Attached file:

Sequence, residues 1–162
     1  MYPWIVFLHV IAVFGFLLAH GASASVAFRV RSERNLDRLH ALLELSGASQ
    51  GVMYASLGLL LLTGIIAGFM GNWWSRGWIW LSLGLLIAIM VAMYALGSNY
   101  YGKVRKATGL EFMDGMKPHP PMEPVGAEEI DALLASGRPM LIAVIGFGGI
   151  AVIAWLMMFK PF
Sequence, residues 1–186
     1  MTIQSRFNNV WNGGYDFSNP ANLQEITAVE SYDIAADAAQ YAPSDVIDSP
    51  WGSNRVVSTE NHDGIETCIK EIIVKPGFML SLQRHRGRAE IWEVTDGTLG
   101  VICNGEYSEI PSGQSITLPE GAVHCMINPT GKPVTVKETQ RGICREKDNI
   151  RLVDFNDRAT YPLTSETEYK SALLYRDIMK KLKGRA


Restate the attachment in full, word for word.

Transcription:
Sequence, residues 1–162
     1  MYPWIVFLHV IAVFGFLLAH GASASVAFRV RSERNLDRLH ALLELSGASQ
    51  GVMYASLGLL LLTGIIAGFM GNWWSRGWIW LSLGLLIAIM VAMYALGSNY
   101  YGKVRKATGL EFMDGMKPHP PMEPVGAEEI DALLASGRPM LIAVIGFGGI
   151  AVIAWLMMFK PF
Sequence, residues 1–186
     1  MTIQSRFNNV WNGGYDFSNP ANLQEITAVE SYDIAADAAQ YAPSDVIDSP
    51  WGSNRVVSTE NHDGIETCIK EIIVKPGFML SLQRHRGRAE IWEVTDGTLG
   101  VICNGEYSEI PSGQSITLPE GAVHCMINPT GKPVTVKETQ RGICREKDNI
   151  RLVDFNDRAT YPLTSETEYK SALLYRDIMK KLKGRA